So, I’ve been working slowly, and looking at a lot of images for my first American Photo piece. The theme I’m playing with has to do with how contemporary war images don’t look like war anymore, so much as they look like the set or the staging for one.
In the middle of this, I get one of those PR emails from HBO touting a new documentary called “Alive Day Memories: Home From Iraq.” (If you’re not familiar with the term, “alive day” is the day — sort of like your birthday — you were almost blown to bits in Iraq, but through the miracle of medical technology, your life was saved … if minus some of your body parts.)
Anyway, I’ve had the opening shot of the HBO preview video sitting on my desktop, and — with my “war versus constructed reality” theme in mind, I can’t stop examining it. You see, James Gandolfini is the host of this program in which he holds intimate conversations on a sound stage with vets who, having been seriously injured, have survived.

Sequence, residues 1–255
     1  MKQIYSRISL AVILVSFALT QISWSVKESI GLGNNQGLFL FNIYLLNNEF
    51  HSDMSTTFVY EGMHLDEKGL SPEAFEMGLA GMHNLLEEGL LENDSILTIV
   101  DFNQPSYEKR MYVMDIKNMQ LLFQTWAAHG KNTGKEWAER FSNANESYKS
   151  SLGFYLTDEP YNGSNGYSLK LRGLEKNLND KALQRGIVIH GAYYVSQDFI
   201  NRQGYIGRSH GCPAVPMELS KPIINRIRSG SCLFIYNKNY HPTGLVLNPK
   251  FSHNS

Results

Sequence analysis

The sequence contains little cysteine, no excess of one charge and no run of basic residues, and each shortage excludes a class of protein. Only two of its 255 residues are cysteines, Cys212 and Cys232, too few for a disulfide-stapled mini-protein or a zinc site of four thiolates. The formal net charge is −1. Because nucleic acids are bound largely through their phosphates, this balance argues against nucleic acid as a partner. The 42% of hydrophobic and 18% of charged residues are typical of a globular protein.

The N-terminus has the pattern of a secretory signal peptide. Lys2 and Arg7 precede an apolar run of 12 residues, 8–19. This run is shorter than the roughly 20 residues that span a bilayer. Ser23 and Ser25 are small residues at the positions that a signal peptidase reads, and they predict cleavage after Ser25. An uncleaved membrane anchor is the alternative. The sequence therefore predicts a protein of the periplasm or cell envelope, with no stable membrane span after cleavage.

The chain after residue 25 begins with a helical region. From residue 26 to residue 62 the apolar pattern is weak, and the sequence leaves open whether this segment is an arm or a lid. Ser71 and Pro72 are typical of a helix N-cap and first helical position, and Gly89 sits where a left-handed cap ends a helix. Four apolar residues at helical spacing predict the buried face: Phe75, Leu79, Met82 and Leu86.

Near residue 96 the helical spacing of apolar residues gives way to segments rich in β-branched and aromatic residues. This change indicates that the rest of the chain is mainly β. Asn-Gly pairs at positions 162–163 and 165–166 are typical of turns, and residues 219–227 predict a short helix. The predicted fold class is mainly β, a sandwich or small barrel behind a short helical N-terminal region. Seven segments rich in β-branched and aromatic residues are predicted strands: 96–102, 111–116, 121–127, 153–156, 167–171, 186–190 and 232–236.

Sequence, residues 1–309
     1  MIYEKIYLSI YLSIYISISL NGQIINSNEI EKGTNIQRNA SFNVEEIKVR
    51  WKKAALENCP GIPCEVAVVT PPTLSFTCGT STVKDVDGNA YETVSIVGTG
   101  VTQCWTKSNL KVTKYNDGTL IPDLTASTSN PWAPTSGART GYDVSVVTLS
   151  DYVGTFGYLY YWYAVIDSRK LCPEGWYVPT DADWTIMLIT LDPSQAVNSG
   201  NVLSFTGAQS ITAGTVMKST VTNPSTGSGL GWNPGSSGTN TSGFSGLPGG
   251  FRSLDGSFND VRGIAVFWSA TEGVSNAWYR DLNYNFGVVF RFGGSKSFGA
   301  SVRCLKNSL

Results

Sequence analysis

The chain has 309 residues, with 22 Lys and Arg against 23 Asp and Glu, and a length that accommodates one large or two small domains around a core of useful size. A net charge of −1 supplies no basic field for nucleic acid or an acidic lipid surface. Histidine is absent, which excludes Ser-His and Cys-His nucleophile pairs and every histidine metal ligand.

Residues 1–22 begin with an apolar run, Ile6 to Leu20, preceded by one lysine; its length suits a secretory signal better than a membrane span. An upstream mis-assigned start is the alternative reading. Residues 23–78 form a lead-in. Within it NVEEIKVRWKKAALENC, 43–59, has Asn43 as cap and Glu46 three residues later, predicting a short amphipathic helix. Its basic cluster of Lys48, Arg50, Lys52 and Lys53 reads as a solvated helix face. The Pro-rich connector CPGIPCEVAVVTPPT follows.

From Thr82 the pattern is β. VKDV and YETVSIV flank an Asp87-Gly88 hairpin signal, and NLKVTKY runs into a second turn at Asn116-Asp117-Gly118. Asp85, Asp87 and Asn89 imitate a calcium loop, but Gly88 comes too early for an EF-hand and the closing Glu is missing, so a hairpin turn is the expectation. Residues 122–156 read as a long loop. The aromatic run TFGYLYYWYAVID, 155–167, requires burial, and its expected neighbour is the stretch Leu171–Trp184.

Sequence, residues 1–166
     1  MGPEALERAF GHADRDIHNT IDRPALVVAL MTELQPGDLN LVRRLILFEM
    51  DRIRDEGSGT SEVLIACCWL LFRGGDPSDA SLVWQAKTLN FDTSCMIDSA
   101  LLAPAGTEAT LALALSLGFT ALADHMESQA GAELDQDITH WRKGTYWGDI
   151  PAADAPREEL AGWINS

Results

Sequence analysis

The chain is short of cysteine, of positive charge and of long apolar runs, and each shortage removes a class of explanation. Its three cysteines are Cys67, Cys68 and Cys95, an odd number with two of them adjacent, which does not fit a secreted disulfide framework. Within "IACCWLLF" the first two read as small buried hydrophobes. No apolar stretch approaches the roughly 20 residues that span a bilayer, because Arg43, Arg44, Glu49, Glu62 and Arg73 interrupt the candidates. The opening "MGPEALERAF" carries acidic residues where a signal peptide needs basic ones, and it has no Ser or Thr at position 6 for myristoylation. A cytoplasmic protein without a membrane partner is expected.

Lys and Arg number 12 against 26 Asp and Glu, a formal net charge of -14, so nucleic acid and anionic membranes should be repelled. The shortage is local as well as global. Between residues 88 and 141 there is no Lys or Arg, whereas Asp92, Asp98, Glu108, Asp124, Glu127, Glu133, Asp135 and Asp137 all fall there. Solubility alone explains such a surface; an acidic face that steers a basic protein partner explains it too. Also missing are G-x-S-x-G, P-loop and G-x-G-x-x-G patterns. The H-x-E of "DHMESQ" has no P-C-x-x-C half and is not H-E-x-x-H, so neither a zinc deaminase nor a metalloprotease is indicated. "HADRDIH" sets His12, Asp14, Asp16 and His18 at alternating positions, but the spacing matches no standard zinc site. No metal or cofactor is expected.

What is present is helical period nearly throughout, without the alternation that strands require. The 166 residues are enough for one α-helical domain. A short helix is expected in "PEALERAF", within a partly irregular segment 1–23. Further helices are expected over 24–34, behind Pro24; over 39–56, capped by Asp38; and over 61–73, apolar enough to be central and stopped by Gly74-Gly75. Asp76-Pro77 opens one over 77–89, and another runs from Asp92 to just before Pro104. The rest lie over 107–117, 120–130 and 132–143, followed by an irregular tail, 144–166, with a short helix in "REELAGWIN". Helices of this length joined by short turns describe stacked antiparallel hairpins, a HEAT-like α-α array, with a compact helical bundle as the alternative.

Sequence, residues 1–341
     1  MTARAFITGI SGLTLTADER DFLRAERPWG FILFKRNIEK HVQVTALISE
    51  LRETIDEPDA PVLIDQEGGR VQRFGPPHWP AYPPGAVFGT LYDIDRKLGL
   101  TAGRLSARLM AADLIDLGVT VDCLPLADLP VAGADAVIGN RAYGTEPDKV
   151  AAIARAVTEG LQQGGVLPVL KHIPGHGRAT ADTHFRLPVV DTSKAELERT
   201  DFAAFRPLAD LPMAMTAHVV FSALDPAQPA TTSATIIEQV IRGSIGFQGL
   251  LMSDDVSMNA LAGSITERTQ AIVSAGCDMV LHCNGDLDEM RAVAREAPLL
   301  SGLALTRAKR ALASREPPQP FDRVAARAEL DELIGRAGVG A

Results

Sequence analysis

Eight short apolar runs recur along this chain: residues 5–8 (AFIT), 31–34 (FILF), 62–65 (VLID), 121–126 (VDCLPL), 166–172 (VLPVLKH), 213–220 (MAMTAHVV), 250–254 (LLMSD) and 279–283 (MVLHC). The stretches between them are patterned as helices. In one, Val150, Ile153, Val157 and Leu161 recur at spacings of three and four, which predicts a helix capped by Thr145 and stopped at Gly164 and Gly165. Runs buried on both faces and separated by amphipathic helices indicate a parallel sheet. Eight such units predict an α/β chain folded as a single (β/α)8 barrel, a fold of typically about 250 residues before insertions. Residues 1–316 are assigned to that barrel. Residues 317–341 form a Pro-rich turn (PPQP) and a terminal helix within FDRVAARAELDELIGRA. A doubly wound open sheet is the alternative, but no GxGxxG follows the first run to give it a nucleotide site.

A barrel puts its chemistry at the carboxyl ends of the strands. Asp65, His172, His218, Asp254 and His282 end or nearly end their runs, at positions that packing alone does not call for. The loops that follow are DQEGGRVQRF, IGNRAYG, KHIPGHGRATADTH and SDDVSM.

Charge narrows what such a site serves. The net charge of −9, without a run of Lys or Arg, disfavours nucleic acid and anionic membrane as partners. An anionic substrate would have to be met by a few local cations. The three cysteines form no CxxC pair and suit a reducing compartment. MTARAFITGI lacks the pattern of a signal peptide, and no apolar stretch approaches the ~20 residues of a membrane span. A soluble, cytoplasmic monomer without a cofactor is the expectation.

What I can’t get over, however, is how:
– A Tony Soprano (as if, here, finally ousting his shrink and commandeering her chair) would have little trouble lending himself to such otherwise unfathomable trauma and violence.
— The camera operator — bucking for visual parity with the other two — seems to cue for “less of a show” feel and more hand-held reality. (Which only makes for a better show.)
— The veteran (or veteran/patient), sitting high, holds his body like a little boy. (And who could have picked that t-shirt? Seems like the last connection this man would need is to a cartoon monkey.) (Although maybe I don’t get the reference.)
— The camera apparatus looks like a component of the vets artificial legs.
…I’m sure there is plenty more.
(image via HBO Documentary Films and Attaboy Films)
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